A Retrospective Study of Subjects with Mutations in the C12ORF65 Gene Causing Complex CMT Type 6

CMT Type 6

The aim of this study is to better understand the clinical appearance and course of Charcot-Marie-Tooth disease type 6 (CMT type 6) caused by a genetic change (‘mutation’) in the C12orf65 gene. The first symptom in individuals with C12orf65 deficiency is usually childhood-onset optic atrophy, which is followed by weakness in the arms and legs (caused by neuropathy), ataxia and in some people, learning difficulties.

In the era of emerging clinical trials in rare genetic diseases it is important to capture the full clinical picture, as we need to develop outcome measures to detect the effect of any trial drugs. The purpose of this study is to better understand the natural history and progression of disease caused by mutations in C12orf65, by building a database of clinical data on these participants. This will help us to guide the design of innovative new clinical trials, with the long-term goal of developing treatments for patients.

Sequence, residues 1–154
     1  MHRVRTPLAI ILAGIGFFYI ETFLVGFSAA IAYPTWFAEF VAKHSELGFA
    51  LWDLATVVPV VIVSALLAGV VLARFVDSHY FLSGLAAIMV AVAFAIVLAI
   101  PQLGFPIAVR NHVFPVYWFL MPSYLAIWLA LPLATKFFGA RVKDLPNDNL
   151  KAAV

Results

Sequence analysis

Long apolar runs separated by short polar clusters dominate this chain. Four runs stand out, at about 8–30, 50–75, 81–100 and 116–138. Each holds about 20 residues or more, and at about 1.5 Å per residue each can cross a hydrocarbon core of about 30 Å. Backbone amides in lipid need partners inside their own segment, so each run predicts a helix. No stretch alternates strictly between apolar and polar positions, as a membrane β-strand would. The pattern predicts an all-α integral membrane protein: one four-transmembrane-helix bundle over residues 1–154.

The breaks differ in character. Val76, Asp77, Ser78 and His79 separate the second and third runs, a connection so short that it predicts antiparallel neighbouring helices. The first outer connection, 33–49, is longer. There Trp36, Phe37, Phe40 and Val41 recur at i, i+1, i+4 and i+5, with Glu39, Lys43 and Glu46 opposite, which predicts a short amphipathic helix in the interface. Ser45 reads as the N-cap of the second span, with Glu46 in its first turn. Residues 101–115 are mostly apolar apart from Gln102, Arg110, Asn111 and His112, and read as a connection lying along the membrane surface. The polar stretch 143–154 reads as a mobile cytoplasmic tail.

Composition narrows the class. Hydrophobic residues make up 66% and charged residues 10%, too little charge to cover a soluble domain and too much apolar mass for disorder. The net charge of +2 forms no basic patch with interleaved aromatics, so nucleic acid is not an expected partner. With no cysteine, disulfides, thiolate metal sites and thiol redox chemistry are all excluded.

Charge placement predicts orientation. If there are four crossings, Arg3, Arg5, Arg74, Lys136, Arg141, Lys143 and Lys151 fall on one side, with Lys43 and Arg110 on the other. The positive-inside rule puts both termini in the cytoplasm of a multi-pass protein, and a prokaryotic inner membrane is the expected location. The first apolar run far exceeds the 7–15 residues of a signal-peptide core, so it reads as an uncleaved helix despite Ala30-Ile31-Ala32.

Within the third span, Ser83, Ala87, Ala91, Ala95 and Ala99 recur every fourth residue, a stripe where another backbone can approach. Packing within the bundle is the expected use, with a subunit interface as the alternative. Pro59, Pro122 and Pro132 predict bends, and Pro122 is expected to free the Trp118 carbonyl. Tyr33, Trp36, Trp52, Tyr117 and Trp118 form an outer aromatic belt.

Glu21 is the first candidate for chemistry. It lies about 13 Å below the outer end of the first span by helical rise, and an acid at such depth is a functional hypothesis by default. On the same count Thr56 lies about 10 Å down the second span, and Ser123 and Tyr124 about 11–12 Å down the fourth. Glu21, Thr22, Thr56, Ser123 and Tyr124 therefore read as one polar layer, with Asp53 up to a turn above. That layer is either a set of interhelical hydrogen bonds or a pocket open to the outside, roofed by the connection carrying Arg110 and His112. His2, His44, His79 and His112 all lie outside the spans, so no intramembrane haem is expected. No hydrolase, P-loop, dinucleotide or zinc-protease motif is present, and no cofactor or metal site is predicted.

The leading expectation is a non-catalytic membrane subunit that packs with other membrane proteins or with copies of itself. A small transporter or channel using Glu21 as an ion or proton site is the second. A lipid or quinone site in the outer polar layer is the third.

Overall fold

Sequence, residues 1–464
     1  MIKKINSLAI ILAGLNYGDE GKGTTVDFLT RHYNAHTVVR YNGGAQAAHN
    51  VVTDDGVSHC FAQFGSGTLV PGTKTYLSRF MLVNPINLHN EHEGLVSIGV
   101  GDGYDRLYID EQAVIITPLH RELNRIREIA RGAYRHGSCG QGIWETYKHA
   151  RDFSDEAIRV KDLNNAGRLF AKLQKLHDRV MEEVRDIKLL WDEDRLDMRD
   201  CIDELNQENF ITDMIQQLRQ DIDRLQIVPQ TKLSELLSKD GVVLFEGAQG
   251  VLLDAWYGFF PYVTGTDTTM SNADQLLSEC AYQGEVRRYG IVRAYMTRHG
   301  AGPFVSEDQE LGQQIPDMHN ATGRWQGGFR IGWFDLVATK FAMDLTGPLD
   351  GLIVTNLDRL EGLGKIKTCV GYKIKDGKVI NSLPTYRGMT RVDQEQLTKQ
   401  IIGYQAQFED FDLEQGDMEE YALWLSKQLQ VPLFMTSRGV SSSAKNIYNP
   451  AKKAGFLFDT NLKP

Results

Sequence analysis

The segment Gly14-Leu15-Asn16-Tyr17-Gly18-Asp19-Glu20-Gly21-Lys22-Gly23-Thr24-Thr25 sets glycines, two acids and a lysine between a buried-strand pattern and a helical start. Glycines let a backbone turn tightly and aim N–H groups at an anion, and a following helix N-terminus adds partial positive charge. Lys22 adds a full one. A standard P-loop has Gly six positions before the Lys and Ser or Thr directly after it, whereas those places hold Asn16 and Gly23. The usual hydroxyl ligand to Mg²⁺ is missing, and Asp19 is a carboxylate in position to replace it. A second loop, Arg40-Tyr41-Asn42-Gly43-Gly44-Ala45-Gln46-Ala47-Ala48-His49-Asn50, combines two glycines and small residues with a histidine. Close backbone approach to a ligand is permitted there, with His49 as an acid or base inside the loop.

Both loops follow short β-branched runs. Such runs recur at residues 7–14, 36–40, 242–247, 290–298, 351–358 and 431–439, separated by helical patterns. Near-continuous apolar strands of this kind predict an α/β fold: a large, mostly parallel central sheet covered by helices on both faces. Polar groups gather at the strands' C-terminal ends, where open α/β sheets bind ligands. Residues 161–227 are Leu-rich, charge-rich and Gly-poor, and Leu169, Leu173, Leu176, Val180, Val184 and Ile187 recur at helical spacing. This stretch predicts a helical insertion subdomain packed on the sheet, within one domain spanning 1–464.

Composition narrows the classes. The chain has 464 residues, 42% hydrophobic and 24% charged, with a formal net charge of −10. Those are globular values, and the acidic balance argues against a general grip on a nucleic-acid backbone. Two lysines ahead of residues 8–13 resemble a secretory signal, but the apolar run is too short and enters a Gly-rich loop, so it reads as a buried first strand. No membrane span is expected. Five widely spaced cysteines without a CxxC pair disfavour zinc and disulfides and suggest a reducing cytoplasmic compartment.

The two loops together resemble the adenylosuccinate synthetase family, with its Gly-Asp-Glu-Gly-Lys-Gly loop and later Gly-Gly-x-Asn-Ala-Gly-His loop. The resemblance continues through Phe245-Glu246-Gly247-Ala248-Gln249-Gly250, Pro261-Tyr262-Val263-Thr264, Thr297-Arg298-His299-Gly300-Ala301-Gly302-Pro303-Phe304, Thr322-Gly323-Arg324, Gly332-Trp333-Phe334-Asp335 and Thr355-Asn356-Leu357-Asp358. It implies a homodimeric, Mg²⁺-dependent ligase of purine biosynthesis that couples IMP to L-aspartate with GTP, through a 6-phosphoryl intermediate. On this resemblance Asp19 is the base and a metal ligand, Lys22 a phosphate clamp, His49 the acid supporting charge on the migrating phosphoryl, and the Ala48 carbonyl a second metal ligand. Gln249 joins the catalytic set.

The Chief Investigator is a doctor called Professor Rita Horvath, who carries out specialist research into neurodegenerative diseases at the University of Cambridge and Addenbrooke’s Hospital.

As a participant in this study, you would be asked to take part in a virtual study visit by telephone or online, to collect clinical data. We are particularly interested in collecting information related to your (or your family members’) genetic diagnosis, medical history, family history, birth and development history, and examination, imaging or laboratory results. It is expected that this study visit will take approximately 1-1.5 hours. If you have any copies of medical notes, clinic letters or test results, we will also ask if you would be willing to share these with the study team.

We are recruiting individuals of any age with a confirmed (or likely) C12orf65 mutation.If you think you or a family member might be eligible and are interested in taking part in this research, or would like any further information, please contact the study team directly. Email: add-tr.mitoteam@nhs.net or Tel: +44 01223 331506